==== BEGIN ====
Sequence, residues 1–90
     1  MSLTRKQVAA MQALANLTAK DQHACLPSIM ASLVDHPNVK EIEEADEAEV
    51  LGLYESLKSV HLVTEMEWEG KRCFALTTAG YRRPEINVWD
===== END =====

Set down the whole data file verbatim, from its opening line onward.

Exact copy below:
Sequence, residues 1–90
     1  MSLTRKQVAA MQALANLTAK DQHACLPSIM ASLVDHPNVK EIEEADEAEV
    51  LGLYESLKSV HLVTEMEWEG KRCFALTTAG YRRPEINVWD